By John Grainger, Property editor
Living above the shop has long been seen as a commercially canny thing to do, for reasons of convenience, security and – if you have a creative accountant – tax.
But living in the shop could be just as economically wise over the long term.
That’s because as ever more villages succumb to the effects of de-population – or rather re-population – due to urbanisation, an increasing number of village shops are closing down and being turned into beautiful homes.
Almost invariably, they are properties with character – not just because they tend to be old, but also because they have a back-story to feed the imagination.
After all, there’s no joy in saying “My home used to be... a home.” But “My home used to be a sweet shop”? That’s altogether different.
And because former shops have character and are often in pretty villages, they tend to be landmark buildings: highly desirable and likely to hold their value.
The following four properties are all exemplars of the changing nature of our towns and villages, as they all used to be something else.
They are also all currently for sale in our area.
London House in Aberford is a prime example of the genre. Believed to have been built in the late 18th century, it was, according to agent Hunters, the village shop and was the hub of the community.
It has retained its original Georgian frontage, along with stone-flagged floors, exposed timber-work and beamed ceilings, but has been modernised by the current owners and turned into a five-bedroom family home with cellar.
Outside, access to the driveway is via an old archway, and there is also a courtyard, single garage and gardens beyond – including a 100-foot-long walled cottage garden with fruit trees and vine.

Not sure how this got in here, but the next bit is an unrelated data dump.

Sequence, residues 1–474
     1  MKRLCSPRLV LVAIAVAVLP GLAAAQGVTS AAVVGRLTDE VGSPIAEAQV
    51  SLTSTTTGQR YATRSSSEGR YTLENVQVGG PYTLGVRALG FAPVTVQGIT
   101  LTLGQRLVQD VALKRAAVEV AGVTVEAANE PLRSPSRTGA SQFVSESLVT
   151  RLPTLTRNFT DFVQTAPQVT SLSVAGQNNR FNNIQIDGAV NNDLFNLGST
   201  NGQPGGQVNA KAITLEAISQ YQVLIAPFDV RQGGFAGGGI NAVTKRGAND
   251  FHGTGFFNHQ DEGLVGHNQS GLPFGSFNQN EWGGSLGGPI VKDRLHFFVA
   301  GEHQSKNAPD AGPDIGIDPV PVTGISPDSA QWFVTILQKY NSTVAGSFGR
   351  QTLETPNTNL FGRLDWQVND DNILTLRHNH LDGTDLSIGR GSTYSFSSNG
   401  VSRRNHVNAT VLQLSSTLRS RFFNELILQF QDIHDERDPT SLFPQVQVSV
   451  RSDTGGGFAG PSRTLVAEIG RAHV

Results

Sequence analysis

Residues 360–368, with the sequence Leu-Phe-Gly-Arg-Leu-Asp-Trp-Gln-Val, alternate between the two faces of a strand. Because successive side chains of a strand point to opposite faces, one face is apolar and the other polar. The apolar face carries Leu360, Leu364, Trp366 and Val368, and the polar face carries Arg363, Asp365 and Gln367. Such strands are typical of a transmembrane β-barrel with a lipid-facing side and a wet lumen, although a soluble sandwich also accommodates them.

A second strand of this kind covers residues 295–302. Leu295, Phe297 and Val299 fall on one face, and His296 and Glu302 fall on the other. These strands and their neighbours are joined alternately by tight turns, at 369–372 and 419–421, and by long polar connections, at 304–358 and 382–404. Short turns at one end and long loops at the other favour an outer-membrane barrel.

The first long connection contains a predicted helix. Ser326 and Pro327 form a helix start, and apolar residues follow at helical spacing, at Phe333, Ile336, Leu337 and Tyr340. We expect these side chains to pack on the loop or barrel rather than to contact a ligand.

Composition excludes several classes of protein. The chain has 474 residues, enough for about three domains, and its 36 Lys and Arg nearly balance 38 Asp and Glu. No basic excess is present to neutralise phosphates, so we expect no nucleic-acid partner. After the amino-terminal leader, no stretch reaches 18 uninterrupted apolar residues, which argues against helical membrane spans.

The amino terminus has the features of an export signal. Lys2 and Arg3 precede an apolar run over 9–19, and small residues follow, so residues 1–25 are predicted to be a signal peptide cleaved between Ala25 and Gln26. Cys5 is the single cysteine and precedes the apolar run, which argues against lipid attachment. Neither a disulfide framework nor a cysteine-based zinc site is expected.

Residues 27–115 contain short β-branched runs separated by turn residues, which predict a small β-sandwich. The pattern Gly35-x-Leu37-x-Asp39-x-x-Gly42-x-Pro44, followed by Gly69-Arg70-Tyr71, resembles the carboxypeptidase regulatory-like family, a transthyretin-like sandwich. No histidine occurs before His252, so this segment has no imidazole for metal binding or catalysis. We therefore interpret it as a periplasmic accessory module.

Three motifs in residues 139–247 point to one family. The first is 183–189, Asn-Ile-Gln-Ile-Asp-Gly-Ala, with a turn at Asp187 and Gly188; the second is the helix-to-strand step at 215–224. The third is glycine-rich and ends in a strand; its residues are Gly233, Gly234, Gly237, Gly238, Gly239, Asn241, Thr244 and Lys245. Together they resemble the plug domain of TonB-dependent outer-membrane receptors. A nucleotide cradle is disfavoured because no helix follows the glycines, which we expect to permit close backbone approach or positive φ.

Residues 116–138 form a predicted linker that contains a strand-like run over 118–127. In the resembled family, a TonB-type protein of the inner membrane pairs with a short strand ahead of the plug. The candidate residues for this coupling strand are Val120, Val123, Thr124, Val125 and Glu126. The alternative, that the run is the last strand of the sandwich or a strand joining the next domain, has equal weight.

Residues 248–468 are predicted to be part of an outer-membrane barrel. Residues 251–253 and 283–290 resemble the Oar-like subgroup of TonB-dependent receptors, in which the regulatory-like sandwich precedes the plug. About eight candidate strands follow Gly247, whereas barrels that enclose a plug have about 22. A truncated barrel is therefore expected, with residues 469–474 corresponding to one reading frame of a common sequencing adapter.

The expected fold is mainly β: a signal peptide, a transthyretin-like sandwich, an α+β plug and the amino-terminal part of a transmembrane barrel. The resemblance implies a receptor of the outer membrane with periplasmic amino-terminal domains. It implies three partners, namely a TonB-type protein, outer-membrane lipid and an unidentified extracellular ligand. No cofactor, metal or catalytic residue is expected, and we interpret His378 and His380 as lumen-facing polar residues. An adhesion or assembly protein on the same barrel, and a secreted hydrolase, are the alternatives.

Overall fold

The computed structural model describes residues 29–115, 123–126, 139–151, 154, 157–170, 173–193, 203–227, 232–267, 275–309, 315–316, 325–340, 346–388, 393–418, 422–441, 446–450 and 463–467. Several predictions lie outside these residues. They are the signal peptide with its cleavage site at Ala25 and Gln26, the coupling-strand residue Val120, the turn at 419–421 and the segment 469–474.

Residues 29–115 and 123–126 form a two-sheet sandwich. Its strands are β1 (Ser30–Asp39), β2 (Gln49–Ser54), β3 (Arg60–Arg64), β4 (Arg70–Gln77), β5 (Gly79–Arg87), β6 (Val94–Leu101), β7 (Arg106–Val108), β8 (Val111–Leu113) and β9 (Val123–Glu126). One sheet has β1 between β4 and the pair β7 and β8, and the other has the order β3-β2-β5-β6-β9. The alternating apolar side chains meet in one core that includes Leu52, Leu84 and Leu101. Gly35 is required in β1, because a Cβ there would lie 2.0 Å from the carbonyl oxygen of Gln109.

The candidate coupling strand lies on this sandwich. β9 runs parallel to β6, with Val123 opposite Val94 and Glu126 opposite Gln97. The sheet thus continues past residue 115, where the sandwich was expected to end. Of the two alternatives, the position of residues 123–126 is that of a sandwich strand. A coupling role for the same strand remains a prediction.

In the centre of Summerbridge, the Old Boot Store is a picturesque double-fronted property with storm porch of stone and a veil of wisteria.
The semi-detached cottage has four bedrooms and two bathrooms, and despite being on the village’s main street, it also has a beautiful enclosed garden backing onto fields and woodland.
It is also very convenient for the primary school, which is just across the road.
In Grantley, the Old Post Office is a stone-built detached cottage that could have two, three or four bedrooms, depending on the buyer’s needs. There is also an attic room that may be convertible.
Outside, there is an attached stone-built garage and store, as well as pretty cottage gardens on three sides.
Finally, the Old Sweet Shop in Boroughbridge is a dignified-looking double-fronted grade II-listed townhouse within easy walking distance of the town centre.
Gobstoppers stopped being sold here about a generation ago, and it is now a very welcoming six-bedroom family home.
Outside, there is off-street parking to the front, and good-sized garden to the back, walled on two sides and leading down to the River Tutt.
There is a range of brick-and-pantile outbuildings, including a former wash-house, two stores and a gardener’s WC.